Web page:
This may not be what you had in mind when building your training, but it speaks to the adaptations many trainers have made this year. This is also a great solution if your existing learning platform does not allow built-in elements.
7. Online communities
In the L&D arena, community and collaboration are key components for providing the best learning experiences. Social platforms, like LinkedIn and professional-focused Facebook groups, host great examples of sharing knowledge between educators. Harnessing social media’s potential gives trainers an opportunity to connect with other people, get different perspectives, share ideas, and perhaps leave with a solution to a problem.
You can create meaningful communities internally within your L&D activities through online peer-to-peer coaching, informal group learning, or by facilitating informed discussions between trusted and disparate colleagues. Encouraging learners to share how they’re progressing supports their development and often furthers their learning journeys.
8. Video meeting tools
Many organizations added the now ubiquitous video meeting tools, such as Skype, Zoom, Go-To, and WebEx, into their learning strategies this year. These tools allow L&D professionals to connect to people, to retain engagement, and facilitate interaction, in a live, real-time space.
While these may have already been part of your toolkit, many trainers have found new ways to use video conferencing software. The tools have also become more advanced. As businesses and education continue to work remotely, it’s necessary to stay up to date with the new features to maintain a more personable connection with your team and your learners.
9. Interactive software
Motivating learners to pay attention to training can be exceptionally difficult, but by getting participants to interact with training elements, you can feel more secure that they’re reaching their learning goals.
Gamification software or game-based learning such as Kahoot! can leverage the interactive and good-natured competitiveness of your learners. It’s a great way to motivate learners and enables you to add gaming experiences, quizzes, and polls to your L&D portfolio.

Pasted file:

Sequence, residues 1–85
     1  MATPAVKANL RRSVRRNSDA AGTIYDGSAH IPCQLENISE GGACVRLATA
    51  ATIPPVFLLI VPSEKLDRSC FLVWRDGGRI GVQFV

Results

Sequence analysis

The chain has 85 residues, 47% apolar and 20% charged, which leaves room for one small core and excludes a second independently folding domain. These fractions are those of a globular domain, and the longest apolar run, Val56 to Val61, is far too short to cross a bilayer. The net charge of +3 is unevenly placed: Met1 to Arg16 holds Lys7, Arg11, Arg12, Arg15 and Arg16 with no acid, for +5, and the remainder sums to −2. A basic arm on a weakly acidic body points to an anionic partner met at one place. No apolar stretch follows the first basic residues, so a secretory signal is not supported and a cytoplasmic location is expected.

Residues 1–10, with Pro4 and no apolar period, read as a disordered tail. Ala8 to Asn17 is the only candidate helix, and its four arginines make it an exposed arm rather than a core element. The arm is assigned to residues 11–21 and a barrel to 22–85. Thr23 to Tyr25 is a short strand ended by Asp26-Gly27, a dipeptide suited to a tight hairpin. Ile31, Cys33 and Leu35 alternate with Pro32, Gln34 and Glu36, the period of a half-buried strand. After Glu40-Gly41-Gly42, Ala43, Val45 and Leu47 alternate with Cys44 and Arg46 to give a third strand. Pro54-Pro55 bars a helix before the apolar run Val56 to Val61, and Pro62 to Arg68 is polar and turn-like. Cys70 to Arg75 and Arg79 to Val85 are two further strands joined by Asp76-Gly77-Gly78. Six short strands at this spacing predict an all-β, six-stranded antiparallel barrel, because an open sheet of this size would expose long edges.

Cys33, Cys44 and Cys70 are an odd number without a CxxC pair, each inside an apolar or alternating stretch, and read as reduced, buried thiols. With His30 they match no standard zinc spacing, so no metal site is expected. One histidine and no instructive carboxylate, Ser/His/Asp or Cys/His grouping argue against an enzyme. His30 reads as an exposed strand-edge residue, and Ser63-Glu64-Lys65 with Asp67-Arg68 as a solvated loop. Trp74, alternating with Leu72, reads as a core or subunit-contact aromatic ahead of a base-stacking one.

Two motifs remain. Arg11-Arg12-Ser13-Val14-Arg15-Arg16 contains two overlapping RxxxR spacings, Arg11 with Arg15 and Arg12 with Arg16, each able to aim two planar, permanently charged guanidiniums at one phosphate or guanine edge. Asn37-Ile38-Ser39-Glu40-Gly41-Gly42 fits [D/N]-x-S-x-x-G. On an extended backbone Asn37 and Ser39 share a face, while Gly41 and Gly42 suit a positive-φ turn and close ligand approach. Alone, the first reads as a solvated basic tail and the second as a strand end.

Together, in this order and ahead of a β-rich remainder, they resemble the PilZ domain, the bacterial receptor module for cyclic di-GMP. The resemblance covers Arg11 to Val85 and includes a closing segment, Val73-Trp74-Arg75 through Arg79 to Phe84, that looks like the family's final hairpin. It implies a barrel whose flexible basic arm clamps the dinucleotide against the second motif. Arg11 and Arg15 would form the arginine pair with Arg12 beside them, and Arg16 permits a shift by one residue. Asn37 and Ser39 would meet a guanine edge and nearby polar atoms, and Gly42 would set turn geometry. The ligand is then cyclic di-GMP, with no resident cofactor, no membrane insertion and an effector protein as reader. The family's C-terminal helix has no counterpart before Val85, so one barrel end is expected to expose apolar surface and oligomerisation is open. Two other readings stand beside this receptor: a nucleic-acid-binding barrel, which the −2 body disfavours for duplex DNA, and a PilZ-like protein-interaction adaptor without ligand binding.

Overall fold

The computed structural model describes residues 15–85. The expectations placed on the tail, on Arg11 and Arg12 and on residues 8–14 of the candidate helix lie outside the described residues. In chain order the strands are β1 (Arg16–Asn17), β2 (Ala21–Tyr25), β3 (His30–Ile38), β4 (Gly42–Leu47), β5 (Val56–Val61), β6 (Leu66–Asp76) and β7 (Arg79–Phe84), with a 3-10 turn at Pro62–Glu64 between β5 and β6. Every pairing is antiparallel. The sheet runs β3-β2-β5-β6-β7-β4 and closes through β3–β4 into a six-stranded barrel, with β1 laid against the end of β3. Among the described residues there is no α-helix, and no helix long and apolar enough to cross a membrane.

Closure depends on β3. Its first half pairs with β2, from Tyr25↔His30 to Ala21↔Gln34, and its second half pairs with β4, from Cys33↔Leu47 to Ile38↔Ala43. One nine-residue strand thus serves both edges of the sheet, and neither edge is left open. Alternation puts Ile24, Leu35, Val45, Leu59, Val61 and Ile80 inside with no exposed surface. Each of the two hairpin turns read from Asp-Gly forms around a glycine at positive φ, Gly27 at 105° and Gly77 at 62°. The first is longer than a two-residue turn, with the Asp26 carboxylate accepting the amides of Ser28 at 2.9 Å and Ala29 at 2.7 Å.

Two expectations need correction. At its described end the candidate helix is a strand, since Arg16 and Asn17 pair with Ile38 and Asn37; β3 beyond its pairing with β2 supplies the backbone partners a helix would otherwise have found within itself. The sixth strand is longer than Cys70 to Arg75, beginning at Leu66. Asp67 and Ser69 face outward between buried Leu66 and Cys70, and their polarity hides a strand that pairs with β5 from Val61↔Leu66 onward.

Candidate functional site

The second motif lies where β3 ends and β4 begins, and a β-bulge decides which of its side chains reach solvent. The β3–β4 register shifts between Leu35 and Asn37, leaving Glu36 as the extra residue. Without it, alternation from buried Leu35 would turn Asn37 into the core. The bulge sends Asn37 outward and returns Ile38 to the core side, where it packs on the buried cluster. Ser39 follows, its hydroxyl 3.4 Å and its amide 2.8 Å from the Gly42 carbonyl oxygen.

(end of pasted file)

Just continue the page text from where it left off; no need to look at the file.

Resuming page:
10. Collaboration and communication tools
Communication with learners is key, and although video conferencing tools provide the most “normal” communication experience, it’s not always necessary to call all learners into a video chat.
Collaboration tools such as Slack, Yammer, and Teams provide virtual workspaces made up of channels, where your learners can communicate and work together in an instant messaging environment. Here you can send messages and share files, as well as create channels private for one-on-one conversations.
This is a great tool to start a collaborative learner community or work privately with a learner to achieve a specific goal.
11. Forms and surveys
While live feedback and polls can aid learning in the moment, using forms and other software dedicated to surveys and data collection can help you evaluate the training’s effectiveness. Collecting feedback and data that can be used later to assess and develop your offerings is vital to continued improvement and engagement.
Tools that help you evaluate and progress as a trainer are equally as valuable as those that directly benefit the learner. When everyone aims to improve, the whole organization can evolve.
12. File sharing and office software
On a daily basis, people use standard workhorse tech tools that you might not consider an L&D tool. File sharing (like Dropbox and Google Drive) and office tools and suites (including Microsoft Office, Google Workspace, and Open Office) are common, but does everyone in your organization use these tools in the same way?
Deploying these tools strategically makes them more efficient and valuable, so consider a uniform approach across the organization. That way, everyone in the organization will know how to collaborate with one another. Consistency, clarity, and knowing what you’re working with is key.
How to evolve your L&D toolkit
After evaluating your existing tools, you should consider your organization’s over-arching learning strategy or create one if it’s not something you already have.
Engage colleagues that have involvement or ownership of parts of the learning process and discuss what tools you have and why you use them. You should be able to articulate your learning strategy clearly to your learners or stakeholders in the learning process.
By adding new tools to your strategy, or formalizing tools that have existed peripherally, you’re aiming to evolve the learners’ experience. For each tool, specify its purpose, its impact on your learning scenarios, and understand how it fits into your organization’s strategic approach to L&D.
Continuing to find ways to meet new demands is vital for L&D’s development. Learning and development professionals are always quick to adapt, however, we should also pull up some guard rails for the learner for the year ahead: be very specific and clearly define what experience you’re providing with your developing learning activities. Analyzing, refining and deploying your post-2020 toolkit will do just that.
If you enjoyed reading this summary of The Learning Xchange podcast episode, there are plenty more episodes to discover.